The warm sands on the beach at Punta Suarez attract the endemic Española Lava Lizard which is one of nine species of lava lizards endemic to the Galapagos Islands.
During breeding season, the female will often lay two eggs rather than one. This is because Nazca boobies undergo an unusual process called obligate siblicide. The process occurs when one of the two siblings hatched grows larger and stronger than the other. As a result, the smaller and weaker chick will be killed and removed from the nest.
The walking trail ending at a plateau with fantastic views of coastal cliffs and a blowhole known as “El Soplador” (the blower) which sprays water some 25 metres (75 feet) into the air.
Española Island is located in the extreme southeast of the Galapagos archipelago, about a 12-hour boat trip from Santa Cruz Island. Along with Santa Fe Island, Española Island is considered to be one of the oldest of the Galapagos islands, at approximately four million years.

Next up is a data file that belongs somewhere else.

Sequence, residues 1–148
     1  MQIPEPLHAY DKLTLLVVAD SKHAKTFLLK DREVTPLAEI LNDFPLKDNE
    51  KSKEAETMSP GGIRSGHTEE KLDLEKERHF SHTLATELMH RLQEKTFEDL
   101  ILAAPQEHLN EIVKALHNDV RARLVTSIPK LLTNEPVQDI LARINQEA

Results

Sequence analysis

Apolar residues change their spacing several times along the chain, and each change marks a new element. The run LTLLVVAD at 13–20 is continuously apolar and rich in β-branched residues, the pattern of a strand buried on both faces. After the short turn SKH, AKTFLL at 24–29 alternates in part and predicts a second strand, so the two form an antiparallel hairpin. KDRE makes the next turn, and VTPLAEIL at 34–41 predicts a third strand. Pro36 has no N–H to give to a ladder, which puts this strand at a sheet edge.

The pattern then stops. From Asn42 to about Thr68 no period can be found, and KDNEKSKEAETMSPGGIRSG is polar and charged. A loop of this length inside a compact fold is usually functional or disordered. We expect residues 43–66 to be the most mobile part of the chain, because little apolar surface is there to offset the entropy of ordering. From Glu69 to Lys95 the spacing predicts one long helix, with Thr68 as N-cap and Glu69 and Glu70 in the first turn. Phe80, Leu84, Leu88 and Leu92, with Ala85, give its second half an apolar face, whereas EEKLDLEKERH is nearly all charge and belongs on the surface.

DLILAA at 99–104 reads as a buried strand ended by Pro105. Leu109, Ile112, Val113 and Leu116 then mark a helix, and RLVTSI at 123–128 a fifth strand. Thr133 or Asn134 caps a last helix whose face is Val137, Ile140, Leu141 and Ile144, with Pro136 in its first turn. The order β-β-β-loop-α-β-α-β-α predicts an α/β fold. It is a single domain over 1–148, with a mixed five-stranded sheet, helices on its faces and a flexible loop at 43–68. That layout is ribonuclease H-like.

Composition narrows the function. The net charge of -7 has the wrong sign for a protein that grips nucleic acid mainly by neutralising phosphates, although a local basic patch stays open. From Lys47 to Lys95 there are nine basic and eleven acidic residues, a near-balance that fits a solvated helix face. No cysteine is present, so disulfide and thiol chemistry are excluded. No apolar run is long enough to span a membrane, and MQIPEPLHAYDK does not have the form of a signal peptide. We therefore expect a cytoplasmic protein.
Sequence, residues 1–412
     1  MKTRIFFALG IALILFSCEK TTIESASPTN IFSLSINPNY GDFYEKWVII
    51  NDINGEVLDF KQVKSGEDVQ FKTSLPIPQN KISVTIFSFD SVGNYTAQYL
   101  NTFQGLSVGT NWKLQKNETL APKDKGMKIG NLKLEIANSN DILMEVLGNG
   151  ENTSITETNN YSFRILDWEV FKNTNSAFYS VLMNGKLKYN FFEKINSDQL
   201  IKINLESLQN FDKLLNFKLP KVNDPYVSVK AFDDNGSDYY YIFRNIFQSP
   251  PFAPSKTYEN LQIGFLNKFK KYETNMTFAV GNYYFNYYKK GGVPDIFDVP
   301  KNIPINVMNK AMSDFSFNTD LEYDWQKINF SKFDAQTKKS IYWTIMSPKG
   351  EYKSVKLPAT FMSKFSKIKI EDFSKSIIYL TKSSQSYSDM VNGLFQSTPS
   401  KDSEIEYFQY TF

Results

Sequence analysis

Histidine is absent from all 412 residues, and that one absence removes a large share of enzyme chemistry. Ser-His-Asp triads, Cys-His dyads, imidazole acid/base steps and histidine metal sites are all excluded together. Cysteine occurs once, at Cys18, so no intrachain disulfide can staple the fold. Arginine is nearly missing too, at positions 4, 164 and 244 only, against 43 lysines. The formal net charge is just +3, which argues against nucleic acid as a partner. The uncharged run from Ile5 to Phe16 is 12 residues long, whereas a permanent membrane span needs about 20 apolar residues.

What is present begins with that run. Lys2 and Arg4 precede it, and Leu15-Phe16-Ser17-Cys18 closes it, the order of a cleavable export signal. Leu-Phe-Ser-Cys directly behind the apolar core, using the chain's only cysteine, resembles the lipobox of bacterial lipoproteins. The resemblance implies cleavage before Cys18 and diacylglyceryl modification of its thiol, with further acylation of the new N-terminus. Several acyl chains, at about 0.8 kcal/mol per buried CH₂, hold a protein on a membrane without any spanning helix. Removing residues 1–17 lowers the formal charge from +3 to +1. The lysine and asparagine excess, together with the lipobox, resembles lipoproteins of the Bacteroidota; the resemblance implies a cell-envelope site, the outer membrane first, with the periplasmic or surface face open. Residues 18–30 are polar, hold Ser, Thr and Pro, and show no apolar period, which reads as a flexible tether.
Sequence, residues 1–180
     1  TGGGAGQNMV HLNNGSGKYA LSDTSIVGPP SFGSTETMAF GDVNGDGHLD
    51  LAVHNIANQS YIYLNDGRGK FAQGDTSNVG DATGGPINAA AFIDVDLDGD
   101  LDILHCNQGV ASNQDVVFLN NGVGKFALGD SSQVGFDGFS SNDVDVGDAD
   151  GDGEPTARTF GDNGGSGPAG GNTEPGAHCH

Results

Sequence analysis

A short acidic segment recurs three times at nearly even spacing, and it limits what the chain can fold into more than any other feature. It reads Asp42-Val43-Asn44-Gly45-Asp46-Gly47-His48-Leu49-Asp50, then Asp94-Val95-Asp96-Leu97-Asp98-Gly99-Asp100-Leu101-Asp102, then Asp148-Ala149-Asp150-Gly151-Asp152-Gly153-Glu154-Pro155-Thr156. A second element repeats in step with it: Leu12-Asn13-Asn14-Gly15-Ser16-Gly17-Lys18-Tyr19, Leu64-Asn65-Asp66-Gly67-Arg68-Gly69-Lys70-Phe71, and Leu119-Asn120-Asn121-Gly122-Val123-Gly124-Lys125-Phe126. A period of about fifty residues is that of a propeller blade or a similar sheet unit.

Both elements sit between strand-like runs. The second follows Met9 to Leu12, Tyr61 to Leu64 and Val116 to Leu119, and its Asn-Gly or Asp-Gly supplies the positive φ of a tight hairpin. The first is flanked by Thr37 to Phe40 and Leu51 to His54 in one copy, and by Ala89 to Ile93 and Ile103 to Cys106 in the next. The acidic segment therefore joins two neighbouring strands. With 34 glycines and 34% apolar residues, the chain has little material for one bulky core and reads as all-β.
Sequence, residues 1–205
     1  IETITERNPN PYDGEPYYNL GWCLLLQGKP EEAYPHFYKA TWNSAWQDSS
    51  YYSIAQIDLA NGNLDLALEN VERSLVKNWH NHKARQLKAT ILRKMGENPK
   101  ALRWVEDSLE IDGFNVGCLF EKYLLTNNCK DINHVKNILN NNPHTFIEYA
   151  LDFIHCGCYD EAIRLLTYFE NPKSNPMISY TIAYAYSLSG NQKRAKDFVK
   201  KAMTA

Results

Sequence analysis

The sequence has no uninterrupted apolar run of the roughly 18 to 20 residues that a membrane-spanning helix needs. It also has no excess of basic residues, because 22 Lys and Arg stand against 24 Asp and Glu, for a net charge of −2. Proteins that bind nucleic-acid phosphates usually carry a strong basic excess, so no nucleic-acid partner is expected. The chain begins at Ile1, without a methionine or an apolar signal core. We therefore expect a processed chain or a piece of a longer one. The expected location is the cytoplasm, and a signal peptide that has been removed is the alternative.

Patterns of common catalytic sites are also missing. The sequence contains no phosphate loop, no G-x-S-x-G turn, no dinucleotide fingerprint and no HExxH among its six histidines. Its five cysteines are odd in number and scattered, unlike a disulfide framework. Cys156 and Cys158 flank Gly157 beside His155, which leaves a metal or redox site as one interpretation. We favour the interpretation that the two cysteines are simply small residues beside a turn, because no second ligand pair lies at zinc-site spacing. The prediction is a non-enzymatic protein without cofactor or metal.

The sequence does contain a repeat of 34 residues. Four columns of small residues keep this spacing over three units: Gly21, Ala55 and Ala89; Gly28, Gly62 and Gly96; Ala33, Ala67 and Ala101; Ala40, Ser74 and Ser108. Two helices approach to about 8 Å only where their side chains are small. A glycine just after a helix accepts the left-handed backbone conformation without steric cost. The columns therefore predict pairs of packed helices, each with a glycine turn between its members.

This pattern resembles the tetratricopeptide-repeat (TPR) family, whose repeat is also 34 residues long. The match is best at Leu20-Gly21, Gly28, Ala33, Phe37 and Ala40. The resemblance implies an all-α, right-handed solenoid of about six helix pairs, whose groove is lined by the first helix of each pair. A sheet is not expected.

The climate of the island is very dry, and – due to its flatness – receives only a few centimetres of rain per year.
From the cliffs, we had an aerial view of the many rock pools below. In one of those pools, a marine iguana could be seen swimming from one side to another, giving a ride to a hitchhiking Galapagos Sally Lightfoot crab. Truly survival of the fittest!
As if riding on its back wasn’t intrusive enough, the crab eventually perched itself on the head of the iguana.
Why this unusual behaviour? The Sally Lightfoot Crab primarily eats algae but is also known to dine on dead critters, organic trash, and more. In the Galapagos Islands, these crabs have a symbiotic relationship with the native marine iguanas, picking parasites off the iguanas for food while the iguanas get clean.
The Galápagos marine iguana, is a species of iguana found only on the Galápagos Islands and is unique among modern lizards, in that it is a marine reptile that has the ability to forage in the sea for algae, which makes up almost all of its diet.